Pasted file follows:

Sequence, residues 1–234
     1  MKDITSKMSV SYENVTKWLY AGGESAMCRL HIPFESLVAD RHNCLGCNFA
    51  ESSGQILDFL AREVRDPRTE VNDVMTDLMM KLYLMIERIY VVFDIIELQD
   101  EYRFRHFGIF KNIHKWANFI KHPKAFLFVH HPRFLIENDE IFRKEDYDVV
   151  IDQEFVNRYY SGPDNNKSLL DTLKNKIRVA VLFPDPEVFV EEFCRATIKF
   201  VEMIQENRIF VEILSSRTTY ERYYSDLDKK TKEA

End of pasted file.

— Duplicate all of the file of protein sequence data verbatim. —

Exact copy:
Sequence, residues 1–234
     1  MKDITSKMSV SYENVTKWLY AGGESAMCRL HIPFESLVAD RHNCLGCNFA
    51  ESSGQILDFL AREVRDPRTE VNDVMTDLMM KLYLMIERIY VVFDIIELQD
   101  EYRFRHFGIF KNIHKWANFI KHPKAFLFVH HPRFLIENDE IFRKEDYDVV
   151  IDQEFVNRYY SGPDNNKSLL DTLKNKIRVA VLFPDPEVFV EEFCRATIKF
   201  VEMIQENRIF VEILSSRTTY ERYYSDLDKK TKEA